ARTICLES & INFORMATION
Supply Chains - A Manager's Guide - Chapter 1 (abstracts)
by David A. Taylor
Cost reduction is the number-one reason that companies initiate supply chain improvements. But there’s an even bigger opportunity here: Supply chain improvements are good for the bottom line, but they can be even better for the top line. Getting the supply chain right can give a company a tremendous competitive advantage, and sometimes that advantage is enough to overturn an entire industry structure. The shining example of this kind of victory is the way Dell Computer systematically dismantled the rest of the personal computer industry. Prior to Dell, personal computers were manufactured in volume, shipped to retail stores, and sold individually to customers—pretty much like washing machines, televisions, and other appliances. It worked, but it required massive amounts of inventory, and customers were limited to a relatively small set of configurations. Dell changed all that by adopting a direct sales strategy, building every PC to order, and shipping it directly to the customer (Figure 1.1). Initially a mailorder house, Dell was one of the first to recognize the potential of the Internet, selling its first computers on line in 1996. Four years later it was doing $50 million a day from its Web site alone. In 2001, Dell became the largest producer of personal computers in the world, a position it surrendered only briefly after the merger of the former market leaders, HP and Compaq. It’s common knowledge that Dell’s success was built on a combination of direct sales with build-to-order production, but Dell wasn’t the first PC company to try this strategy. What really makes the company so successful is the way it executes the strategy. Dell is absolutely relentless about pulling time and cost out of its supply chain. Suppliers are located right next to Dell’s assembly plants, and they deliver a constant stream of components on a just-in-time basis. Monitors are shipped directly from the companies that make them and merged in transit with Dell’s own shipments, arriving in matching Dell boxes in a single customer delivery (as shown in Figure 1.1). The company has forecasting and planning down to a science, and it enjoys the financial advantage of a negative cash-to-cash time—it actually gets paid for its products before it buys the components. The perfection of techniques such as these gives the company a full five percentage points of profit advantage over its competitors, a virtually unassailable advantage in what is now almost a commodity market.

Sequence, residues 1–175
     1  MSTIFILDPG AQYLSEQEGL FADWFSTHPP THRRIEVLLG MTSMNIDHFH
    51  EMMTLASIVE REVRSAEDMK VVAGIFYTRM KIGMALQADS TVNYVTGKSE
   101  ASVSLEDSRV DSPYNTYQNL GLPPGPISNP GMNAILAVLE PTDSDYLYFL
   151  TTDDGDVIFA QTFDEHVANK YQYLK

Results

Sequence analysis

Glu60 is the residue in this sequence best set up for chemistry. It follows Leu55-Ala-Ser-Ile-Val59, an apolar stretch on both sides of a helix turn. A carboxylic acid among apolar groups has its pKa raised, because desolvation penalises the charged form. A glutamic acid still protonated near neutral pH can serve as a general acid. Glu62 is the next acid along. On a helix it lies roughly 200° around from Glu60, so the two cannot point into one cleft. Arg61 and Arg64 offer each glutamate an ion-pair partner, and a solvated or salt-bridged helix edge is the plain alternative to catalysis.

Figure 1.1 Dell’s Supply Chain Strategy
Supply Meets Demand at Dell Inc. (ACCENTURE)|
Build it and they will come. This prophetic expression, first whispered to Kevin Costner by an unknown force in a 1980s American film about baseball, quickly became conventional business wisdom for IT organizations scrambling for a piece of the dot.com pie. In other words: Come up with an innovative product and your market will follow. As it turns out, this mantra (at least for many businesses) was spectacularly wrong. Fortunately, Dell Inc. wasn’t listening. Rather, it followed another voice – that of its founder, Michael Dell – who believed that direct-to-consumer, build-to-order processes would ultimately be more appealing to customers than stockpiles of new-fangled gadgets. In effect, Michael Dell turned conventional wisdom on its head with an entirely new business model: They will come and we will build what they need. Today, Dell never assembles a computer system until it has a customer order in hand. That, in turn, means ultra-low inventory levels (one tenth that of many competitors), as well as a favorable cash-conversion cycle (minus 20 days in a recent quarter). But are customers really willing to wait for delivery? Absolutely....